“Write Once, Run Anywhere”
-Sun Microsystems about Java, 1995
“Build Once, Run Everywhere”
-Docker about any piece of software, 2013
Docker is a set of projects, tools, pieces of software that come together to form a platform or ecosystem around creating a unit called “Image” and running this Image as a “Container” on any
Image and Container
The Image is the most important thing in the docker world.
The Image is used to create Container. A Container can be thought of as an instance of an Image. The Docker Image is a static thing, not a process in memory. Its sole purpose is to run the process.
The only three things that can be done with a Docker Image are:
● Build an Image
● Launch a Container using Image
● Delete an Image
Instance of an image/running program with it's own isolated set of hardware resources are known as Containers.
As the Container is a running entity, we have more things to do with it. We can:
● Stop the Container
● Start the Container
● Run a command into the Container
● Watch the logs
In reference to Object-Oriented Programming, we may consider an Image as a Class and Container as an instance of the Class, i.e., an Object
Difference between Virtual Machines (VM) and Containers
A Virtual Machines is a running instance of an Operating System on top of another Operating System. It is heavy-weighted and uses many resources. On the other hand, Containers run as processes in the host Operating System. They are a light-weight way to deploy an application without having the full infrastructure of physical VM.
Is Docker always preferred? Is Virtualization dead?
The answer is No! Virtualization is not dead. It is just that for some use-cases, containerization is better than virtualization. There have been several cases where, in an organization, both containers and VMs are running on a particular micro service.
Using Docker, however, provides us with some additional benefits such as higher speed, easier portability, platform-independence, higher efficiency and lower computing cost.
As you may remember, Docker allows to build, ship and run any software. But before shipping, we need to build and run. There are mainly two base concepts: an Image and a Container.
The workflow can be:
- Build Images with Docker
- Use the built images to run Containers.
Images can be built with the help of Dockerfile. A Dockerfile is a plain text file which has some lines of configuration placed inside of it. This configuration defines the behavior of the container or what it does upon starting up. The next step is to build the Dockerfile. This can be done with the help of a command called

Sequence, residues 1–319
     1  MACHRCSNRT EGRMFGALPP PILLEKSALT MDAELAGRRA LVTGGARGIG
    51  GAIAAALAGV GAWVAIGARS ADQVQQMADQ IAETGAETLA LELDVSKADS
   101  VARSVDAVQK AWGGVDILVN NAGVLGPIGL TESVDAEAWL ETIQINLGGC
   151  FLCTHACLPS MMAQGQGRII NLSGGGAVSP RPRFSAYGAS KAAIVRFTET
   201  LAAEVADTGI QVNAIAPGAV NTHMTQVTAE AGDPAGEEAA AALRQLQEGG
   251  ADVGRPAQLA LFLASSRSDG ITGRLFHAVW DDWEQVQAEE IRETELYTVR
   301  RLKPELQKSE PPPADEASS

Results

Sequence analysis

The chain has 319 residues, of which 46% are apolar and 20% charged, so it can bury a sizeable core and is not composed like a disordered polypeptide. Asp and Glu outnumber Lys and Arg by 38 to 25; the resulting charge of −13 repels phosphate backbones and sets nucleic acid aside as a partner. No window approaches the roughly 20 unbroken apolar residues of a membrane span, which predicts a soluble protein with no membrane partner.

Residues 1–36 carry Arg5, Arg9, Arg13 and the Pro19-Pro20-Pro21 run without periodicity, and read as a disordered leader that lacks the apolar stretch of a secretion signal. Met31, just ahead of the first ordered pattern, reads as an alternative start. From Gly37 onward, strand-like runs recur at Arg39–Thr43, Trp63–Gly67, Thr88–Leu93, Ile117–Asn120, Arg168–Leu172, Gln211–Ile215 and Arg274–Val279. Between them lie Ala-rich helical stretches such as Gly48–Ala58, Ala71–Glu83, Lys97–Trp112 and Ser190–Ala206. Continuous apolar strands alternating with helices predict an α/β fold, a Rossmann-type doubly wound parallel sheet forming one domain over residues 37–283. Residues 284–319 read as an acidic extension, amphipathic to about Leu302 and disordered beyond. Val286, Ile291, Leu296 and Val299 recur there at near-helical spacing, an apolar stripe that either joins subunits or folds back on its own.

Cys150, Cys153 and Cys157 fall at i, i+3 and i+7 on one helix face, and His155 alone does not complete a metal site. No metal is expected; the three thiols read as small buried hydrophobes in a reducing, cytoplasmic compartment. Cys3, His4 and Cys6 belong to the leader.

docker build. The final step is to run the built file with the help of
docker run command.
Every time we deploy an Image, we get a container.
The running instance of an Image is called container.
Apart from creating our own images, we can list out all images in the local copy of docker by using the command
Some other commands that can be used to work with images:
- docker run
- docker default
- docker publish
- docker ps
- docker stop
- docker image run
Can we share the Image?
We can share Images on Dockerhub. The Dockerhub is a registry/repository of free public Images that we can freely download and run on our local computer.
Working with Registries
Some handy and most-frequently used docker commands while working with registries:
- docker pull
- docker tag
- docker login
- docker push
Building apps from Docker can be seen as running different containers on a single application. It is just like making a recipe out of different ingredients.
Docker Compose comes handy in order to build applications with the help of docker.
The Docker Compose allows us to write a recipe (application) for all the ingredients (containers).
Instead of typing commands all day, we can describe requirements set up in a configuration file (which is usually a .yaml file). Once we have a configuration file, we can then run the application using docker compose by the command:
$ docker –compose up –d
Cassandra and Kubernetes